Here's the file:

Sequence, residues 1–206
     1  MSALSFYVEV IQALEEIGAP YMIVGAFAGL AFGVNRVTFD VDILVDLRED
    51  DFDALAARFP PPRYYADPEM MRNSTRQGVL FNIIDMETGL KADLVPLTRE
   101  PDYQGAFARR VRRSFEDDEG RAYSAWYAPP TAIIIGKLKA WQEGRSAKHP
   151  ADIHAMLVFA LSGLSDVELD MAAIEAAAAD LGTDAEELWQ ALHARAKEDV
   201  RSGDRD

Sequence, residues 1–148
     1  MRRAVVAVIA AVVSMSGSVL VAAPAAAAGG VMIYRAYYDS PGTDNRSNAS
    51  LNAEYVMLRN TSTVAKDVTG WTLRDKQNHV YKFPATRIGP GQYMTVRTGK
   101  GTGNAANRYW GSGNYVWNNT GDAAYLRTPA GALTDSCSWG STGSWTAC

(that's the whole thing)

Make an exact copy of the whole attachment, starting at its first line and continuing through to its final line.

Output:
Sequence, residues 1–206
     1  MSALSFYVEV IQALEEIGAP YMIVGAFAGL AFGVNRVTFD VDILVDLRED
    51  DFDALAARFP PPRYYADPEM MRNSTRQGVL FNIIDMETGL KADLVPLTRE
   101  PDYQGAFARR VRRSFEDDEG RAYSAWYAPP TAIIIGKLKA WQEGRSAKHP
   151  ADIHAMLVFA LSGLSDVELD MAAIEAAAAD LGTDAEELWQ ALHARAKEDV
   201  RSGDRD

Sequence, residues 1–148
     1  MRRAVVAVIA AVVSMSGSVL VAAPAAAAGG VMIYRAYYDS PGTDNRSNAS
    51  LNAEYVMLRN TSTVAKDVTG WTLRDKQNHV YKFPATRIGP GQYMTVRTGK
   101  GTGNAANRYW GSGNYVWNNT GDAAYLRTPA GALTDSCSWG STGSWTAC